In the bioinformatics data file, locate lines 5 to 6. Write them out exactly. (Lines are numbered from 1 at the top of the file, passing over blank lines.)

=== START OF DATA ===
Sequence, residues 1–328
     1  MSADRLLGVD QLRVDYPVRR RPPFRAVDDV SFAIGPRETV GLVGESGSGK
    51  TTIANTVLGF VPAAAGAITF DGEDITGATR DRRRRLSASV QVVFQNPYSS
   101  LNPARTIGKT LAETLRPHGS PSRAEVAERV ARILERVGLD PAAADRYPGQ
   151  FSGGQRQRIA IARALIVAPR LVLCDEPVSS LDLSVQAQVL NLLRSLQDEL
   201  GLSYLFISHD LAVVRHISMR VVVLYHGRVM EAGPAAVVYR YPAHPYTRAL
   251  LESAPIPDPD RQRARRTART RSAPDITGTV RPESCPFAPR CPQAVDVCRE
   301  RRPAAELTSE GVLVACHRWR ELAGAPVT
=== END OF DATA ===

   151  FSGGQRQRIA IARALIVAPR LVLCDEPVSS LDLSVQAQVL NLLRSLQDEL
   201  GLSYLFISHD LAVVRHISMR VVVLYHGRVM EAGPAAVVYR YPAHPYTRAL